The colors: The contributions by Grostieta on this book are excellent. Take a look at the excellent way the green hologram is done on the opening page. There’s also some nice light work done on the officially who’s joined the trio to chart their next move. Britney stands out on every page with her shiny red outfit, and Avril’s hair and blue jeans also make her a scene stealer. The full paged splash on 3 is just too dark, though. It’s colored realistically, but some fudging would have fine so that the reader would have an easier time looking at all the weapons. The use of blues in the book are strong; from oceans to eyes, they look great. The violets given to Avril’s abilities also make them stand out strongly and given them a strong air of the supernatural. Grostieta does a fine job. Overall grade: A

The letters: Scene settings, dialogue, sounds, screams, yells, and the teaser for the final issue are created by Fabio Amelia. The sounds are really good this issue, making the heroes’ journey through the woods exciting. Additionally, the bold teaser for next issue has the absolutely classic comic book font. Overall grade: A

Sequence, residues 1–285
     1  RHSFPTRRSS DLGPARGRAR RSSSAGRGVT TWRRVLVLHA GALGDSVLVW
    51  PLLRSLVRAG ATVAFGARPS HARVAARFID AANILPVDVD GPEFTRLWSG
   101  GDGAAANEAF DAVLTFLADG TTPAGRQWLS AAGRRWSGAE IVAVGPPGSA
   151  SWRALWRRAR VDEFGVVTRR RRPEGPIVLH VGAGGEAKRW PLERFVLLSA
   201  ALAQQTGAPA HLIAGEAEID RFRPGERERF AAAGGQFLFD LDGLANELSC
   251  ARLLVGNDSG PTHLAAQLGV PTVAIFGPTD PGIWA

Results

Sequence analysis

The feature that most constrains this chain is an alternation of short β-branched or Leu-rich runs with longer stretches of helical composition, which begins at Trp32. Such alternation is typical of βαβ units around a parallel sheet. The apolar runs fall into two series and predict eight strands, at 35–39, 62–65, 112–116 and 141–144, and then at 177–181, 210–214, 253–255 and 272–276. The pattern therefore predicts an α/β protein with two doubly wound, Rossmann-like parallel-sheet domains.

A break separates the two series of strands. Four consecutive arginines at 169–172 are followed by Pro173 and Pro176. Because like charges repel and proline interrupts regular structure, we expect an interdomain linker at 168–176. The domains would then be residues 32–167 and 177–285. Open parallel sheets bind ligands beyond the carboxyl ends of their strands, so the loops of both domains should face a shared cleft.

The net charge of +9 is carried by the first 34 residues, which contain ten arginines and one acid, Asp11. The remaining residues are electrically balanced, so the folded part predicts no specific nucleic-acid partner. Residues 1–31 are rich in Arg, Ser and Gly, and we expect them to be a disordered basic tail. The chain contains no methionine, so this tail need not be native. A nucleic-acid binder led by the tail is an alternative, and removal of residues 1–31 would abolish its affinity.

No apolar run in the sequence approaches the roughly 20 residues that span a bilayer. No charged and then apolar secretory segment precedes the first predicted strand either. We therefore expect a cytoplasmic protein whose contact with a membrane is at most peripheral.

The final line: The art was a minor letdown, but the story continues to be strong in this penultimate issue. Action, magic, spies, clones, and cyberpunk thrills. Overall grade: A-

Patrick Hayes was a contributor to the Comic Buyer’s Guide for several years with “It’s Bound to Happen!” and he’s reviewed comics for TrekWeb and TrekCore. He’s taught 8th graders English for 20 years and has taught high school English for five years and counting. He reads everything as often as he can, when not grading papers or looking up Star Trek, Star Wars, or Indiana Jones items online.